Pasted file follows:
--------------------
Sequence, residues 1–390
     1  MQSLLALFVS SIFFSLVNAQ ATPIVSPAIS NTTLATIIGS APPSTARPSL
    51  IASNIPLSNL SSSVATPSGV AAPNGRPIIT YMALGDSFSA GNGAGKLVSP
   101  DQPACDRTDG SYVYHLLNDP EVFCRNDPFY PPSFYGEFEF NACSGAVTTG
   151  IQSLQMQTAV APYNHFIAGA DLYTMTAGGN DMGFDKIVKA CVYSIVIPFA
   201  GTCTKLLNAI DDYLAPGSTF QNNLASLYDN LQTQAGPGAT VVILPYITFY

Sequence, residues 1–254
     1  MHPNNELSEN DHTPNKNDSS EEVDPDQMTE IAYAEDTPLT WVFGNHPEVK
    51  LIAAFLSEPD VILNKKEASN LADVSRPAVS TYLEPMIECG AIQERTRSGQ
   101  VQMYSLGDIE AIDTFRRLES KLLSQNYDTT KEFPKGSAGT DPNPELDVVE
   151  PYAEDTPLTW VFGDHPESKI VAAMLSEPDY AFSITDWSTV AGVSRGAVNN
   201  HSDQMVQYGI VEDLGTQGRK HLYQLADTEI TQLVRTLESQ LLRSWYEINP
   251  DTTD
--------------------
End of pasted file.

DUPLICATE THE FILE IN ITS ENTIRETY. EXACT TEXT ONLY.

Sequence, residues 1–390
     1  MQSLLALFVS SIFFSLVNAQ ATPIVSPAIS NTTLATIIGS APPSTARPSL
    51  IASNIPLSNL SSSVATPSGV AAPNGRPIIT YMALGDSFSA GNGAGKLVSP
   101  DQPACDRTDG SYVYHLLNDP EVFCRNDPFY PPSFYGEFEF NACSGAVTTG
   151  IQSLQMQTAV APYNHFIAGA DLYTMTAGGN DMGFDKIVKA CVYSIVIPFA
   201  GTCTKLLNAI DDYLAPGSTF QNNLASLYDN LQTQAGPGAT VVILPYITFY

Sequence, residues 1–254
     1  MHPNNELSEN DHTPNKNDSS EEVDPDQMTE IAYAEDTPLT WVFGNHPEVK
    51  LIAAFLSEPD VILNKKEASN LADVSRPAVS TYLEPMIECG AIQERTRSGQ
   101  VQMYSLGDIE AIDTFRRLES KLLSQNYDTT KEFPKGSAGT DPNPELDVVE
   151  PYAEDTPLTW VFGDHPESKI VAAMLSEPDY AFSITDWSTV AGVSRGAVNN
   201  HSDQMVQYGI VEDLGTQGRK HLYQLADTEI TQLVRTLESQ LLRSWYEINP
   251  DTTD